DES MOINES, Iowa
Budget matters dominated the Iowa Legislature from the day the session began in January, but lawmakers found time to deal with other issues.
Many matters, however, fell by the wayside.
Here's a look at what the Legislature did, and didn't do, this session:
BUDGET: Faced with a $341 million shortfall, the Legislature's top accomplishment was a package of changes designed to cut the budget by changing purchasing and computer operations, merging some small agencies, and changing operations in some larger departments. Coupled with an early retirement package for state employees, the changes saved about $270 million and went a long way toward balancing the budget.
GAMBLING: Although they were desperate for money, lawmakers rejected two gambling proposals. One would have generated up to $25 million annually by expanding areas in casinos where operators could offer games; it also would have ended most elections needed for casinos to keep their licenses. Under the other plan, casino operators in Dubuque and Council Bluffs offered to pay the state $7 million a year if they could stop subsidizing dog racing.
LABOR: For two years, Democrats have called for passage of measures allowing unions to collect a fee from nonmembers in a bargaining unit they represent, expand the topics for which public workers can bargain and require workers on public projects to be paid the prevailing wage. None of the measures came up for a vote this year, creating tension between labor and Democrats.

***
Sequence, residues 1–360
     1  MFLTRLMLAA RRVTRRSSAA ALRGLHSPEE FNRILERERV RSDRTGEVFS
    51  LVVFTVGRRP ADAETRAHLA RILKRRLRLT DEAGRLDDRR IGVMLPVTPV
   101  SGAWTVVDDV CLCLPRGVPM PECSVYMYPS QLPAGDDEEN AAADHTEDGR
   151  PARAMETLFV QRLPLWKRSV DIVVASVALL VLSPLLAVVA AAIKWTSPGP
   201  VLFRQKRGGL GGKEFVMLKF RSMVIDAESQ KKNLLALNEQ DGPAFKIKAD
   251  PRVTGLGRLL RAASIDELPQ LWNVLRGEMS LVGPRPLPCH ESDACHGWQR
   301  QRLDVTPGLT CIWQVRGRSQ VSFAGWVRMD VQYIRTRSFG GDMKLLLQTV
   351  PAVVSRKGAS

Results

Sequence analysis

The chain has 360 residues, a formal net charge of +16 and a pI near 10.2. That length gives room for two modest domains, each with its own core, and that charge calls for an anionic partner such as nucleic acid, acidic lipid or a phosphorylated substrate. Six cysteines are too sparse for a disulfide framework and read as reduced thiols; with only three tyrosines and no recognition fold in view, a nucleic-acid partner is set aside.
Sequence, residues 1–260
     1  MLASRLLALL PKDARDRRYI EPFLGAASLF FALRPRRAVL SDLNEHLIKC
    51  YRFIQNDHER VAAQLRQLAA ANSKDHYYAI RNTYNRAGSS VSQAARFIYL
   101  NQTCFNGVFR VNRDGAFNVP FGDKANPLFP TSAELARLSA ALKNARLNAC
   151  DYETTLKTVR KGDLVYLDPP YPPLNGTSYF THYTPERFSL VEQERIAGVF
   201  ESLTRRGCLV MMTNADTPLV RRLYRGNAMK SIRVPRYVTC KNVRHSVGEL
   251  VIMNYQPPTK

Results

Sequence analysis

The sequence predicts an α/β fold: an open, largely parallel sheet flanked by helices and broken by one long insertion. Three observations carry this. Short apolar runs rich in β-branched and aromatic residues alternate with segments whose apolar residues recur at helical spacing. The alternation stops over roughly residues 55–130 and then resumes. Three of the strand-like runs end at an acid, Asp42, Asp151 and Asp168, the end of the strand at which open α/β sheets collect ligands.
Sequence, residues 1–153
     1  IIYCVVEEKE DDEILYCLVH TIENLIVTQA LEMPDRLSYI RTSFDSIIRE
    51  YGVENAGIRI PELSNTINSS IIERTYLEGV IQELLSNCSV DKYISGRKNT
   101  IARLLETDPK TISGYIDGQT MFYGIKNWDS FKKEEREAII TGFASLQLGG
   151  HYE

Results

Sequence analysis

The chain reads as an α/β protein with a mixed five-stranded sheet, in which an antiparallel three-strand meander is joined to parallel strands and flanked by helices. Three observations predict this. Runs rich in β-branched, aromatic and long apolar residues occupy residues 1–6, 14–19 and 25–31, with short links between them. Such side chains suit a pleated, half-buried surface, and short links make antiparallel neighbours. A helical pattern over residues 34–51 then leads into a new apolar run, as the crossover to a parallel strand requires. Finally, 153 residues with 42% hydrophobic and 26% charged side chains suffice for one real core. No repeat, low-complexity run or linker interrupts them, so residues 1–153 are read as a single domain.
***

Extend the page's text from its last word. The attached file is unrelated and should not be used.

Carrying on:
MARRIAGE: Same-sex marriage is a big issue in the Republican gubernatorial race, but it barely came up during the session thanks to opposition from Democratic leaders. Many Republican legislators want to put a constitutional amendment before voters outlawing gay marriage, but that would require approval by two consecutive general assemblies. With no action this year, the soonest the issue could be put before voters would be 2014.
ANIMALS: Lawmakers approved tightened regulations of dog-breeding operations in an effort to crack down on puppy mills. The measure raises fees on breeding operations for hiring additional inspectors to check complaints.
GUNS: Lawmakers approved a measure that would take guns from those convicted of domestic abuse. Legislators also changed the system for granting concealed-weapons permits, requiring sheriffs to use state guidelines in deciding whether to grant such requests and explaining when they decline permits.
TEXTING: The legislature approved restrictions on motorists who send text messages while driving. Drivers under 18 were banned from using cell phones while driving, and older drivers were banned from sending or reading text messages while driving.
SESSION: To save money, lawmakers reduced the normal 100-day session to 80 days, putting themselves under severe time pressure. They finished up in 79 days, which Senate Majority Leader Michael Gronstal said would mean about $800,000 in savings. "That's real money," he said.